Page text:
A spectacle of styling and skill


This year’s University of Central Lancashire catwalk show, ‘Riot’, was a burst of colour and craft with unapologetic attitude. Visually compelling, UCLan’s catwalk was packed with street style influences shouting slogan words from flat peak caps and brightly-coloured bumbags. They weren’t afraid to err on the side of the unusual either with a spooky blood-themed collection that featured a bloodbag motif, a hospital bracelet belt, and lashings of arterial red.

With a strong record of achievement at Graduate Fashion Week in previous years, big things are expected of UCLan fashion students in 2014. Featuring a fashion course dedicated to Eastern design traditions, the students can gain a truly global perspective in their craft. The university emphasises styling, encouraging students in all its fashion courses – from design to photography – to see it as another tool in their creative armoury. (As seen here in Layla Sailor’s ‘Essences of Fashion’ project.)



Starting the show, Rebecca Rimmer’s collection revisited the slimming silhouette, printing a variety of cartoonish silhouettes on oversized black garments. The concept may sound perverse but it was executed with gusto – some pieces depicting background sceneries – and it proved a massive crowd pleaser. The collection’s brash contrast seemed to comment on the industry’s obsession with size and the unreality of modern day expectations.

Chloe Siddal’s collection was as feisty as you like; the colour explosion of bright highlights on white and black netting was accessorised with serious gold bling. Her pieces emphasised some of the more practical aspects of the street style movement: rucksacks and cycling shorts in primary colours popped up all over the catwalk and anoraks were given an urban edge.


Next up was Jane Acton’s rather more peaceful offering of pretty prairie style in soft grey linen and beautiful muted, dusty blue florals. Paperbag-waist skirts and fraying edges were the order of the day here and gave the outfits a feel of make-do-and-mend in soft focus.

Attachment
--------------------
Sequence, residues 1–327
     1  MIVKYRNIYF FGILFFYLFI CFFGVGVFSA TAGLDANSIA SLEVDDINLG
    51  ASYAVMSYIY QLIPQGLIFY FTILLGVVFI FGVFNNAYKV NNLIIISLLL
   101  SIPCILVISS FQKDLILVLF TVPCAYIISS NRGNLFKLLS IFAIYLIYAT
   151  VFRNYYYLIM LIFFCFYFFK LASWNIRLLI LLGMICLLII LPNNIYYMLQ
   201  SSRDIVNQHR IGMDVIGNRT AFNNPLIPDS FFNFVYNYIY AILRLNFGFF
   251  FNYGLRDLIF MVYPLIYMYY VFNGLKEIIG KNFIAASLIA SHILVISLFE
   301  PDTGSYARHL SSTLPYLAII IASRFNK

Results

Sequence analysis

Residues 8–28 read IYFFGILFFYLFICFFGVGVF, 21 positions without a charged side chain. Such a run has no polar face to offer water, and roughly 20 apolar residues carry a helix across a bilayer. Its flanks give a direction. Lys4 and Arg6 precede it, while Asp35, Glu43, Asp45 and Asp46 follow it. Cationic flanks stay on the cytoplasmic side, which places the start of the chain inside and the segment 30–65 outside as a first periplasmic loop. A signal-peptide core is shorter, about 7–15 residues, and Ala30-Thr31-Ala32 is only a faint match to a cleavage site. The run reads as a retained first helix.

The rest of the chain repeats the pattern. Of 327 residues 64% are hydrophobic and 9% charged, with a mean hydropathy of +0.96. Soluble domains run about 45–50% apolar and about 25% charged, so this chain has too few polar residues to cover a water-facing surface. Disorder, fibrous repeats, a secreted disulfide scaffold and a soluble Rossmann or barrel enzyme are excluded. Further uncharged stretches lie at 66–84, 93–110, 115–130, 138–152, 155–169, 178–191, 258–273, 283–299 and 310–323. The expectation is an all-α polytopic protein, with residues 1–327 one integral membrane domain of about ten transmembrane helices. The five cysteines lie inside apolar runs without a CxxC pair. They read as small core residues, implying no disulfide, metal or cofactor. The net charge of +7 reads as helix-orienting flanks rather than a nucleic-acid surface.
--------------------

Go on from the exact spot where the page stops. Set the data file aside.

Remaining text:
Alice Houghton’s Galliano-esque collection full of romantic yet streetwise bows and ties showcased more experimental construction skills. Made of mohair and used as belts, they created softly cinched-in shapes and delicate silhouettes. Her restyling of men’s shirts saw them shape-shift into dresses, skirts and jackets with a brisk and business-like pinstripe pattern running throughout.

Bringing the show to a punchy finish, Stephanie Chesworth’s sharp citrus collection explored the relationship between clothes and consumption.


Juxtaposed against wooden brick buttons and blocky prints, she took the logo of the Lilt cans seen in the hands of the models and superimposed it onto skirts and coats. Though somewhat less subtle, the voluptuous curves of banana and pineapple accessories provided a compelling contrast to the strict geometric regularity seen in the rectangular prints.

UCLan’s styling skill set shone through on the catwalk with each photogenic collection providing much fuel for camera clicks and flashes. The students showed that not only do they have the skills to produce beautiful fabrics and clothing, but the ability to assemble them with attitude.

All photographs by Rebecca Cofie